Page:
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Courtney V.
On-campus writing tutor and English teacher for refugees *ON A LANGUAGE PROGRAM--WILL BE AVAILABLE IN TWO WEEKS*
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Writing
TutorMe
Question:

I always get points off on my conclusions. How can I write a better conclusion?

Courtney V.
Answer:

A common issue with conclusions is that professors feel students simply summarize what they talked about in their paper. While it is important to end with an overview of what you've discussed, there needs to be more than that. A good way to think of a conclusion is a "So What?" You've written your paper and argued your thesis, and the conclusion is your way to say why your ideas are important. Try and think about the implications of your argument for the class, the topic, or even society in general.

International Studies
TutorMe
Question:

I have to write a paper on women's rights in Africa, can you help me narrow my topic down?

Courtney V.
Answer:

Of course! One issue students have with international studies is that it's just so broad. Making the topic smaller can be done many ways. Writing about women's rights in Africa is very broad, but choosing one particular aspect of women's rights is much easier to tackle. Start by looking for broad sources on the topic, and then find something smaller that interests you. Issues like lack of family planning and maternal care, domestic violence, and female genital mutilation are big issues in Africa. Finding more information on those topics can show you what you're interested in and make it easier to focus your research.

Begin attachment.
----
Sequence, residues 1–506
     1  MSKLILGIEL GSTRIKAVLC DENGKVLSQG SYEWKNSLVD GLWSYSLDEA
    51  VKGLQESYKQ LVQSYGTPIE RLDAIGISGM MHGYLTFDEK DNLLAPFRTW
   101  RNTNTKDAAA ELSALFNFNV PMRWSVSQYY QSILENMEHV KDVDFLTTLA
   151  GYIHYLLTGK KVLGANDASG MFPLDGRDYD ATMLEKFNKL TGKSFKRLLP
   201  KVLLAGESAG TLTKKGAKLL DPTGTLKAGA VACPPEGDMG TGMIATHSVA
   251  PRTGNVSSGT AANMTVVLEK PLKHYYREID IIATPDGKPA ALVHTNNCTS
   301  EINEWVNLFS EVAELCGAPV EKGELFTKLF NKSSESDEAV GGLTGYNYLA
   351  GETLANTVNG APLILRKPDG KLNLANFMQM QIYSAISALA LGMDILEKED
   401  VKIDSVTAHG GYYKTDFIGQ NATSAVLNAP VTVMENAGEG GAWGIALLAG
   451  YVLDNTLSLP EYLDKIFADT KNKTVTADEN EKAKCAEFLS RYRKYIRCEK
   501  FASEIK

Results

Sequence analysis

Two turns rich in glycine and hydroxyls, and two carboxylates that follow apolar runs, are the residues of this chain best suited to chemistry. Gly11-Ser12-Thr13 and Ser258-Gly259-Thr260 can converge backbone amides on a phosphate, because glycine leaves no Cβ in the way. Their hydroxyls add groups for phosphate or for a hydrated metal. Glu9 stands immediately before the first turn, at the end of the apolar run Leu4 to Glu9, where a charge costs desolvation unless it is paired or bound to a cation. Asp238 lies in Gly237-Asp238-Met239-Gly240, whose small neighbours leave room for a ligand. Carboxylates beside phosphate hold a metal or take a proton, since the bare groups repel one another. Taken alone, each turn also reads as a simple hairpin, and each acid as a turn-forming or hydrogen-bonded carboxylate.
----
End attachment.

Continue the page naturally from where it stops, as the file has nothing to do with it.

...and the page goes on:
English
TutorMe
Question:

I have to analyze symbolism and the implications in Hamlet, and I don't know how to do that. How do I figure out what to talk about?

Courtney V.
Answer:

When talking about symbolism, it's helpful to first of all go back through the play and look for words or ideas that repeat themselves. For example, if an author consistently talks about nighttime or variations of the night (seeing the stars, darkness, etc.) then you can usually assume that the particular topic is important to the author for some reason. Though I can't give you the answer, going back through Hamlet to find those patterns will help you. Once you've found a pattern, see the context in which it comes up. For example, if nighttime only comes up when talking about death, then you know that the symbol of "night" is related to death, and you can discuss those implications.

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